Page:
Thursday, November 25, 2010

"Thanks a Million"

Did you ever say to anyone who did you a favor “Thanks a million...”? I know that I have, many times. I have not “Googled it” lately, but I think the average life expectancy in the USA is 72, which is much higher than the world average. If we use this number and then multiply by 365 days in a year, this produces a mere 26,280 days. If we factor out the “Diaper Years”, the exuberant years of adolescence, and also factor out our final years of twilight, this leaves us we far less than 26,280 days where we are fully responsible for our own thoughts and actions.

Yesterday, our family took the bus from Northern New Jersey to NYC to see the Macy’s Balloons. Taking the bus, we avoided the gas, tolls and parking expenses of “the Big Apple” which can be insane during the holidays. My youngest son Robert said that this was the first time that he ever rode a public bus. How was this possible? How could he have lived for 19 years in the New York Tri-State area, and have never ridden on a bus? Time flew by, as our family discussed this paradox.

When we arrived in NYC, we took a taxi cab to Columbus and 79th to see the Macy’s balloons. I think the night before the parade is more fun than the parade itself. Because there were four of us, I sat in front with the driver, my family sat in the back. All of us (including the driver) started talking about the city and the holidays. We learned that our driver was driving taxi cabs for five years. At a red light, next to our cab was one of those bicycle taxi cabs (Rickshaw) where the cab driver “peddles” you around NYC via nothing but human-power. These tricycle Rickshaws charge $15 to start, and $1 per minute for the trip. Add an extra $10 for more than one passenger. We saw hundreds of these three-wheeled taxis, and they were all occupied. New York City really is quite amazing.

When we arrived at Columbus and 79th, we got out of the cab and we all said thank you to the driver, and wished him a Happy Thanksgiving. I wondered if he was being extra nice during our ride (to earn an extra good holiday tip) or if he was this friendly every day, with every passenger. We asked a local police officer where the balloons were being set up, he gave us excellent directions, and he gave us a few secret tips on how to best see the balloons. We said thank you and we wished him a Happy Thanksgiving. At the end of the evening, we took another taxi cab (no Rickshaws for us) back to the Port Authority, and another bus ride back home.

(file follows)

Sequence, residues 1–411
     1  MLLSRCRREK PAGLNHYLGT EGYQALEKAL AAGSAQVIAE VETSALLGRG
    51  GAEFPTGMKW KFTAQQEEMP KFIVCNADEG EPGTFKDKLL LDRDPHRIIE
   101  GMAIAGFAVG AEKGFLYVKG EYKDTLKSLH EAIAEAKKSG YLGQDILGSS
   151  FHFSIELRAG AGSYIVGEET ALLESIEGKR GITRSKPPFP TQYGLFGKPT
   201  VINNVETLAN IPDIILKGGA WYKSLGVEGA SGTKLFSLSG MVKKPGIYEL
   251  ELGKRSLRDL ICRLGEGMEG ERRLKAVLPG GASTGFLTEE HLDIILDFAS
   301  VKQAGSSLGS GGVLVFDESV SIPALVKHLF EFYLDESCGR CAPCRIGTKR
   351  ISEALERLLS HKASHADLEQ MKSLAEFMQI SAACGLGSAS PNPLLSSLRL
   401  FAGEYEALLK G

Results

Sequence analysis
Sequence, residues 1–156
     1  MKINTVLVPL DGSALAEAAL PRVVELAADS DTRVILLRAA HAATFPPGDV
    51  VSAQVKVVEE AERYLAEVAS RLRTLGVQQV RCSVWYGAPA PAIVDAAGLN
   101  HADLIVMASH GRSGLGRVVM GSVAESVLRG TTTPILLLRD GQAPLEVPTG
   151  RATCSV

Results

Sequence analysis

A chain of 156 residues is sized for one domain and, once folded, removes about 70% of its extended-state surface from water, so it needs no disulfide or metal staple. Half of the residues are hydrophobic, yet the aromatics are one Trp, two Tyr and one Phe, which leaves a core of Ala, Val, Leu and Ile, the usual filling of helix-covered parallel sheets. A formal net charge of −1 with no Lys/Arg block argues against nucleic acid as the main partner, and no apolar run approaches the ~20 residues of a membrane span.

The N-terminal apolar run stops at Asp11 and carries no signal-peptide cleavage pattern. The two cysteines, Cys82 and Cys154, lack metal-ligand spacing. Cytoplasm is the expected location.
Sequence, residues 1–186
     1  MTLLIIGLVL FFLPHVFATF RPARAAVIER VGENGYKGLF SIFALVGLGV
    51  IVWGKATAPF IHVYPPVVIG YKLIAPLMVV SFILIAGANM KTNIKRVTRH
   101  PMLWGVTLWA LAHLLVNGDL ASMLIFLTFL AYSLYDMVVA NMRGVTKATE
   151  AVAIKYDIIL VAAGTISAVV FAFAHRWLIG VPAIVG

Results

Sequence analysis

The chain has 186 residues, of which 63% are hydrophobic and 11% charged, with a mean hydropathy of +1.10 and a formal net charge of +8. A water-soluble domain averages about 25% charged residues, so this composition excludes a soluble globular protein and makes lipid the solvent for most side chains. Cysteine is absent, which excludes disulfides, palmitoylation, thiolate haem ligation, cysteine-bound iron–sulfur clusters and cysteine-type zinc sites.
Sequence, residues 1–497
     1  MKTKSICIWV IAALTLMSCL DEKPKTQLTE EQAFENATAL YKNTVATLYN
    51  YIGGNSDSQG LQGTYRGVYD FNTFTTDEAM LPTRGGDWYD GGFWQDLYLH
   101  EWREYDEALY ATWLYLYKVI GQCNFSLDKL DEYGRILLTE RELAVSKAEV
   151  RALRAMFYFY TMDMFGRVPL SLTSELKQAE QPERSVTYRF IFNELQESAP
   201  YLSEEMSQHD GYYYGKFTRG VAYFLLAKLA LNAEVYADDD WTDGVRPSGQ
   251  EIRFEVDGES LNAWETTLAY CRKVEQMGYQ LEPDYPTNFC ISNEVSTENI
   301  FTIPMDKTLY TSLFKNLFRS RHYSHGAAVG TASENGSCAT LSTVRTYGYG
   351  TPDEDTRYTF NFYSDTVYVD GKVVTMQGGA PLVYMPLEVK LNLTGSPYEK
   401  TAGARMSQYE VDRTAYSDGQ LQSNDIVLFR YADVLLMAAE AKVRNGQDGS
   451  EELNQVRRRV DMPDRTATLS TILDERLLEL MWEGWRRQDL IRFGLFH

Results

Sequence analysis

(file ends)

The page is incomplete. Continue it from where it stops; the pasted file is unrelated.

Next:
It is estimated that over one million people see the balloons the night before the parade, and over three million people watch the parade live on the streets of NYC. There are no fees to see the balloons inflated the night before, and there is no charge to watch the parade in the morning. I cannot even imagine the true financial costs and expense to set up the Macy’s Thanksgiving Day parade, to organize it, or clean up after it - for the past 83 years. As I write this blog, I am in my living room watching in HDTV the same balloons that I saw live and in person, just a few hours ago.

Other than our costs of transportation, our family “fun day” excursion into NYC yesterday was completely free. And yet, by my best calculation, we only said “thank you” to two bus drivers, two cab drivers, and one police officer. It would appear that we missed a few people, who made our holiday outing possible.